Home News Caixa Geral directors received huge bonuses despite causing massive losses

Caixa Geral directors received huge bonuses despite causing massive losses

Published on 21/01/2019

An EY report covering the most profligate years at Caixa Geral de Depósitos, between 2000 and 2015, outlined the Director’s enviable pay awards despite the State owned bank making heavy losses.

The document is highly critical, especially about the 2000-2008 period, during which, “there was no evidence of the guiding principles of variable remuneration being applied.”

Even in the face of crippling losses, the Directors paid themselves as if all was going swimmingly, even giving themselves a vote of confidence.

The EY audit emphasises that there was no relationship between pay and performance which would have encouraged a balance between capital and risk, nor were any claw-back clauses to ensure CGD Directors were responsible for past decisions.

EY believes that such measures could have contributed to a, “more risk-sensitive credit decision process, with reference to the operations analysed in this audit.”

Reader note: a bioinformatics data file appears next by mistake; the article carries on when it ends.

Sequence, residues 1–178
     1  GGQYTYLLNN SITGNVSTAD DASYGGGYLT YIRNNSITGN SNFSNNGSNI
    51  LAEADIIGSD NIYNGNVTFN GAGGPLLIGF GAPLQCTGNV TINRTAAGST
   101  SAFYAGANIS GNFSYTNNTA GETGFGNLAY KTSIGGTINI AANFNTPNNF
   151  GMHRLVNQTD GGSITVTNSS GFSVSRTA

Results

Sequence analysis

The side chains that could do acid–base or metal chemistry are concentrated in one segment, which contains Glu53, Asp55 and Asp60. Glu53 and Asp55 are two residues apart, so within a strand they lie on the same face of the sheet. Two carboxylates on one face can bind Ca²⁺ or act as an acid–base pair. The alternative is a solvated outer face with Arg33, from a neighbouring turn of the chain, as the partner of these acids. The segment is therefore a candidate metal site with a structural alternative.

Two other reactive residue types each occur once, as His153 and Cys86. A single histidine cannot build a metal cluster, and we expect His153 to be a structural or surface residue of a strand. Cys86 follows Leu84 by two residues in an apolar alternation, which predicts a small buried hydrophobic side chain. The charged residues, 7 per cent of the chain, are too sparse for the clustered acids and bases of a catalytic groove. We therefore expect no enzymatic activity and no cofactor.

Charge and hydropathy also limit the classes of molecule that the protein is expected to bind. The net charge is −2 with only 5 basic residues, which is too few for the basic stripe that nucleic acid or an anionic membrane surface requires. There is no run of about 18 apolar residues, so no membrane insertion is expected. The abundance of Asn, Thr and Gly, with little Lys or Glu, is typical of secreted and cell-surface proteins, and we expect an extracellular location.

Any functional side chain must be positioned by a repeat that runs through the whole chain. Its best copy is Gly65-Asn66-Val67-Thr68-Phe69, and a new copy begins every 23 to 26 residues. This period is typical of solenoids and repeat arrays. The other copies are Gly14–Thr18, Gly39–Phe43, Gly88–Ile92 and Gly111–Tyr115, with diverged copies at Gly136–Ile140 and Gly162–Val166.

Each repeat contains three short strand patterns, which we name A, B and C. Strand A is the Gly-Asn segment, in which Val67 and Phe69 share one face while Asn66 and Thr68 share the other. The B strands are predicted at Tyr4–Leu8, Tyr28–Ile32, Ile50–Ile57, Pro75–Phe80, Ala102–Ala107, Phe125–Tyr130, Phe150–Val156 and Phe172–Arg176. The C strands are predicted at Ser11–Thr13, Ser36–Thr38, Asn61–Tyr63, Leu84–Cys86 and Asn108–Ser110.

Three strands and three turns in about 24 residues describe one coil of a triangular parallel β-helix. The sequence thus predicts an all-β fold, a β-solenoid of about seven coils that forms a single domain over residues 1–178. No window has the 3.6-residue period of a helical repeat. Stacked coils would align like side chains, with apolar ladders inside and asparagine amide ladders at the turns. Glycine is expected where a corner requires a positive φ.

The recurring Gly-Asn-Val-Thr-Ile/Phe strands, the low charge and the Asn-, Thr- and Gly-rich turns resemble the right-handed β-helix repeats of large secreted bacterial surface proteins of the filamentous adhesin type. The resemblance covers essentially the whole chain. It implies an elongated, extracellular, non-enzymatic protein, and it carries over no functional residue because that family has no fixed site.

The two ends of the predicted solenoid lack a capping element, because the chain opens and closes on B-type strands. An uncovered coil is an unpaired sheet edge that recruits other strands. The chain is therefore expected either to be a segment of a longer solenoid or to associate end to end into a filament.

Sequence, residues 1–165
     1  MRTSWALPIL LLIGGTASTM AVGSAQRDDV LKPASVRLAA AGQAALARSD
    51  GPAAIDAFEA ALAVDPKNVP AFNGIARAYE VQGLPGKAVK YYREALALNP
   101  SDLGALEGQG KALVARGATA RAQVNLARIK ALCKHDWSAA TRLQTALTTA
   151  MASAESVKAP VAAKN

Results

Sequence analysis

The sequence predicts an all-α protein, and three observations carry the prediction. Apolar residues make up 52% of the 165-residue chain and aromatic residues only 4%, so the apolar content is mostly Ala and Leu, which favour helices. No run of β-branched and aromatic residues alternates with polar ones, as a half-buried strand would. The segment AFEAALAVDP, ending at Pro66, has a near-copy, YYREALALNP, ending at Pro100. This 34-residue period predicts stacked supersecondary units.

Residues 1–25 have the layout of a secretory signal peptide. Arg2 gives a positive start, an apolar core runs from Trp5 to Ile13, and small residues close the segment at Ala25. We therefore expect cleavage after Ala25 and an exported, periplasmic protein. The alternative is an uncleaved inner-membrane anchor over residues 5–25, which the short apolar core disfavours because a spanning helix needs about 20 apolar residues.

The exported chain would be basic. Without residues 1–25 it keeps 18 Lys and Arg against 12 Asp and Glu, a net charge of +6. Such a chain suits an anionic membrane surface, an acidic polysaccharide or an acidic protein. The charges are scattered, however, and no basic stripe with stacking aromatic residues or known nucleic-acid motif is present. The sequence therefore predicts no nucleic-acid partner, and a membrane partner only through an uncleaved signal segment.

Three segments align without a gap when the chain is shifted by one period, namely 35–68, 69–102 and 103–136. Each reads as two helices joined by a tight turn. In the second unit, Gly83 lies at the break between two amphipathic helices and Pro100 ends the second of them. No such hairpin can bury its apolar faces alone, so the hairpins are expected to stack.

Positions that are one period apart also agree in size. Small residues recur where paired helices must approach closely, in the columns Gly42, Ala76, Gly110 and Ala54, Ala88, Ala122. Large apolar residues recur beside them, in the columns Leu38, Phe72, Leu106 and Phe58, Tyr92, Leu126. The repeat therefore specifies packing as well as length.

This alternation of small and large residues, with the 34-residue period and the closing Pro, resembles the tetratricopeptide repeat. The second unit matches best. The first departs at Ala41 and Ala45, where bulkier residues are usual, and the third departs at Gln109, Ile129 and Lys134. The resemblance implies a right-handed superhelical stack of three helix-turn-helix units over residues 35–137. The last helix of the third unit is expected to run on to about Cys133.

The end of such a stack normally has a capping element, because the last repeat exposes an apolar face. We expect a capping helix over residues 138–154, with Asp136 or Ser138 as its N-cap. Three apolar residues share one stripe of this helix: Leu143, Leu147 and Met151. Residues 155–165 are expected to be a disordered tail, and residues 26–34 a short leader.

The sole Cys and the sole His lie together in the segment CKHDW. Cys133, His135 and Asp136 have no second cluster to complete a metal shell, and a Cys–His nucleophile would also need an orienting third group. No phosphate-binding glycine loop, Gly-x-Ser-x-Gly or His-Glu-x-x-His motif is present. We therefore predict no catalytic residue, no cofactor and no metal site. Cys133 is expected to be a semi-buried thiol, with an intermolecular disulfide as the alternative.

The consultants’ report revealed that, “the volume of CGD’s impairments increased from 46.9% in 2013 to 58.1% in 2015,” in the construction and real estate sector.

Meanwhile, all of the nation’s other high street banks worked hard to reduce impairments in this segment.

EY looked at several CGD loans and found that many of them were granted without any in-depth risk analysis, including the approval of loans that carried an ‘unfavorable’ or ‘conditional’ risk opinion by the bank’s own risk management division.

One of these transactions is related to the acquisition of shares of Cimpor by Investifino, which gave BCP and Cimpor shares as a guarantee to CGD.

When these shares tanked, “the deal was not good for the state bank,” according to EY, and there was a need to, “restructure the debt.”

Caixa Geral lost almost €1.2 billion in 46 loans granted between 2000 and 2015, in which credit standards were not met.

Faria de Oliveira, one of Caixa Geral’s presidents in the darkest period, between 2007 and 2010, and today the president of the Portuguese Banking Association, continues to insist that secrecy is the best way to guarantee confidence in banking.

The EY audit now is in the hands of prosecutors.



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